Legislative Assembly for the ACT: 1996 Week 12 Hansard (20 November) . . Page.. 3854..
MR SPEAKER: Standing order 133 states:
The Assembly may order a complicated question to be divided and may order reports of committees and other matters be considered by parts.
The question is: That Mr Moore's motion that the question be divided be agreed to. Those of that opinion say aye - - -
MS McRAE (11.38): Just a minute, Mr Speaker. You have interfered before with amendments and variations. This amendment, this change, becomes a completely new motion. It is exactly the same problem that confronted you, Mr Speaker, when I wanted to amend the lakes motion. It is a completely new issue now. It is a debate about a paper, not any other specific activity that is going on. The motion specifically related to the delay. The two were intertwined. It was specifically an amendment to the motion that was before us. If we divide the two, the second one becomes a completely different issue about whether the paper should or should not be provided. I put it to you, Mr Speaker, that that is exactly the same problem that confronted you when you sat me down with my amendment about the lakes.
MR BERRY (11.39): This is clearly something that is meant to undermine the intent of the motion. It is being carried out without anything in writing before any of the members in this place to enable them to make a judgment on where the division is supposed to occur.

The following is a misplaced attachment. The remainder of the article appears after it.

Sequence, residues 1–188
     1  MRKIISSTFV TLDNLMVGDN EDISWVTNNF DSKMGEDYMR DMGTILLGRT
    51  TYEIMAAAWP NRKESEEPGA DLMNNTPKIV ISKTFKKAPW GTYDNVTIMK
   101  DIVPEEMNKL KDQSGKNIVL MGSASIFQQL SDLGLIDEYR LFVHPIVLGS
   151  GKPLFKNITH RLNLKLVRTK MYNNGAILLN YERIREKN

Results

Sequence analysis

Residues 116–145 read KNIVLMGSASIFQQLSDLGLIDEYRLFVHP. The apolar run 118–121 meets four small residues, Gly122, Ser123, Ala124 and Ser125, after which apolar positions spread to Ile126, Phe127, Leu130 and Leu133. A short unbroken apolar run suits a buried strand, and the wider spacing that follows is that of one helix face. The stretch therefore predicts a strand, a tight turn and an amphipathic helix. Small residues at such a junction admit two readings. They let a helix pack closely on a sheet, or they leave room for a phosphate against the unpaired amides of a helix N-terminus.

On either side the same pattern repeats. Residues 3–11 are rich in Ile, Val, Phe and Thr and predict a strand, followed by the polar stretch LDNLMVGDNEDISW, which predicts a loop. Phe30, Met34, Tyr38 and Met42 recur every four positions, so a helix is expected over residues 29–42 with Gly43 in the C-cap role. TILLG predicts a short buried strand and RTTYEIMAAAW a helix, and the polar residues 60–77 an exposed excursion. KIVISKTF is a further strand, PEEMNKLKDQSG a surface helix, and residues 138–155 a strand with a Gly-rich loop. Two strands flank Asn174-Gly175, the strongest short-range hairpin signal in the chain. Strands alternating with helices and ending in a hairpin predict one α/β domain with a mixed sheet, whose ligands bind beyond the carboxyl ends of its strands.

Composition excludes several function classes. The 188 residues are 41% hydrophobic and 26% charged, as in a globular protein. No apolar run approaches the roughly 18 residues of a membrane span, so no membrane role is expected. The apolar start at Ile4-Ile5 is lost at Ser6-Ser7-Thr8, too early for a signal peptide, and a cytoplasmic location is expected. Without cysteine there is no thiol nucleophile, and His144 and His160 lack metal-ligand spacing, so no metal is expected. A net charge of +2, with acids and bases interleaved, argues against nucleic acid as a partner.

Mr Moore: Look at the notice paper and look at the amendment. They are the two parts.
MR BERRY: Mr Moore, at least you should have the courtesy to circulate something in writing so members can see what you are up to. That is the point.
Mr Moore: There are standing orders, Mr Berry. You know how they operate.
MR BERRY: My word, I do know how they operate, and I know how you operate as well.
Ms McRae: The standing orders divide the question, not an amendment.
MR BERRY: That is right. The standing orders, as Ms McRae rightly points out, divide the question, not an amendment.
MR WHITECROSS (Leader of the Opposition) (11.41): Mr Speaker, I think we need to have a ruling from you.
Mr Moore: We had one yesterday.
MR WHITECROSS: Bear with me, Mr Moore. We really need to have a ruling from you, Mr Speaker. On a previous occasion Ms McRae sought to move an amendment to delete the words of a motion and to substitute new words which, in your opinion, changed the intent of the motion. On that basis you ruled it out. Mr Moore, in fact,